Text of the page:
The story climaxes with Batman accessing an experimental portal through the multiverse as he pursues the Red Mask and prevents him from spreading his corrosive influence throughout multiple realities. This leads to a parade of iconic depictions of the Caped Crusader across his entire multimedia history, in a full-on celebration of the character and his extensive legacy. By the end, it’s Tim Drake who steps up and brings Batman back home, underscoring Robin as an integral part of the Batman mythos as the Dark Knight is rescued by the Boy Wonder.
Exile of the superheroes
Batman is no stranger to being assumed by the rest of the superhero community to be dead, with not even a year before “The Bat-Man of Gotham” having been declared dead along with the rest of the Justice League in the 2022 crossover event Dark Crisis on Infinite Earths by Joshua Williamson and Daniel Sampere. When confronting the omnipotent supervillain Pariah and his corrupted Dark Army on the other side of the cosmos, the majority of the Justice League are imprisoned in their own individual pocket universes where Pariah feeds off the worlds’ raw multiversal energy. Black Adam, the sole escapee from the disastrous battle, returns to Earth to inform the rest of the heroes, with Dark Crisis opening with a vigil for the Justice League before the truth about their defeat eventually comes to light.
Wonder Woman similarly faced her own extended stint being missing in multiversal action following the 2020 crossover event Dark Nights: Death Metal by Scott Snyder and Greg Capullo. Gaining her own degree of cosmic omnipotence to defeat the Batman Who Laughs and restore the multiverse to normal, Diana Prince falls between the cracks of reality as her power set returns to normal, winding up a Norse pantheon-themed dimension. After much difficulty, Diana eventually returns to the DCU, bringing along some of her newfound friends with her.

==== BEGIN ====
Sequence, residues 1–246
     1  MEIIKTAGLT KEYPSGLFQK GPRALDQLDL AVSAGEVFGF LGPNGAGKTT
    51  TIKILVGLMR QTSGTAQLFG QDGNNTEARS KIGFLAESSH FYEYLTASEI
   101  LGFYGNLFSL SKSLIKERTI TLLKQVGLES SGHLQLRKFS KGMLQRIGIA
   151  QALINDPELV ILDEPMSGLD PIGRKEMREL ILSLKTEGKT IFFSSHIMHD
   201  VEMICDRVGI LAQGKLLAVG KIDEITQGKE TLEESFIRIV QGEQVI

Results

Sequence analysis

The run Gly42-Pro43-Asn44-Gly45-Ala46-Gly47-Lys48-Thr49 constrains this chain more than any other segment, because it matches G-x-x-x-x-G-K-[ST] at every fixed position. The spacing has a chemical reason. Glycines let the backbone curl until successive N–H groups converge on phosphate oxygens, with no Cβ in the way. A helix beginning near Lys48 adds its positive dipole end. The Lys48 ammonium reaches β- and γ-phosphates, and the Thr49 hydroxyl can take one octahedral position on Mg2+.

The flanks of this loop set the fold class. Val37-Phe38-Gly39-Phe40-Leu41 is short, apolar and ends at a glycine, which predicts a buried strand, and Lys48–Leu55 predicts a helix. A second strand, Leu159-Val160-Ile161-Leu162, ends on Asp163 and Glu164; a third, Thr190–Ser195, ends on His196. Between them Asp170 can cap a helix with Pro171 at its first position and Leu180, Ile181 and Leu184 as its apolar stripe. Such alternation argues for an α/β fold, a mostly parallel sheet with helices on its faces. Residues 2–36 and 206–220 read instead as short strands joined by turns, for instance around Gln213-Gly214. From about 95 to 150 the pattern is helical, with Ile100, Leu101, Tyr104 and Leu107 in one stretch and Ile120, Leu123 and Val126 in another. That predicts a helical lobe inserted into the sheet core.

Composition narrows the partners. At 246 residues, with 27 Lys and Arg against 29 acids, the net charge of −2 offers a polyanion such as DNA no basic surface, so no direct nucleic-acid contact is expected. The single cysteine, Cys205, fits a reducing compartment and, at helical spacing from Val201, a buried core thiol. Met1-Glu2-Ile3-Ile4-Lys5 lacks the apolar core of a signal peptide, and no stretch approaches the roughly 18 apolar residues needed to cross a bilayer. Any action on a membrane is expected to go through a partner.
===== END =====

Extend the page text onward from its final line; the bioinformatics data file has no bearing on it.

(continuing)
Unstuck in time
Even beyond recent DC initiatives and epic storylines, the declared-dead-lost-in-time/space mechanic is certainly not one new to comics, including DC Comics. Grant Morrison, J.G. Jones, Carlos Pachecho, and Doug Mahnke appeared to kill off Batman in their 2008 crossover event Final Crisis only to reveal that Darkseid’s Omega Beams sent the Dark Knight hurtling through time as the villainous New God’s secret weapon against the heroes.
In the Marvel Universe, Ed Brubaker and Steve Epting famously killed off Captain America during their own acclaimed run on the Star-Spangled Avenger’s solo title, only for the assassin to use bullets that teleported Steve Rogers to different points in his own history. To make the Vonnegut connection all the more palatable, Brubaker goes as far as to paraphrase Slaughterhouse-Five in explaining what happened to Steve in his 2009 miniseries Captain America: Reborn, with Bryan Hitch.
Superhero comics have played around with the notion of death and keeping readers on their toes virtually since the dawn of the genre to get readers to check out the follow-up to countless death-defying cliffhangers. By simply exiling heroes to alternate realities and timelines, this saves the creative teams from concocting increasingly contrived means of resurrection to bring them back while exploring what makes these characters tick juxtaposed against these stranger backdrops. It is somewhat amusing that the trope has gotten a more and more prominent usage lately; it hasn’t overstayed its welcome just yet but the repetition is becoming more noticeable. And if these past trends are any indicator, Grifter is going to eventually come home just fine, if somewhat shaken by his experiences as the latest hero to traverse the multiverse while being presumed dead.
WildC.A.T.s #7 is written by Matthew Rosenberg, illustrated by Danny Kim and Christian Duce, colored by Elmer Santos and Tony Avina, and lettered by Ferran Delgado. Grifter’s story continues in WildC.A.T.s #8, on sale June 20 from DC Comics.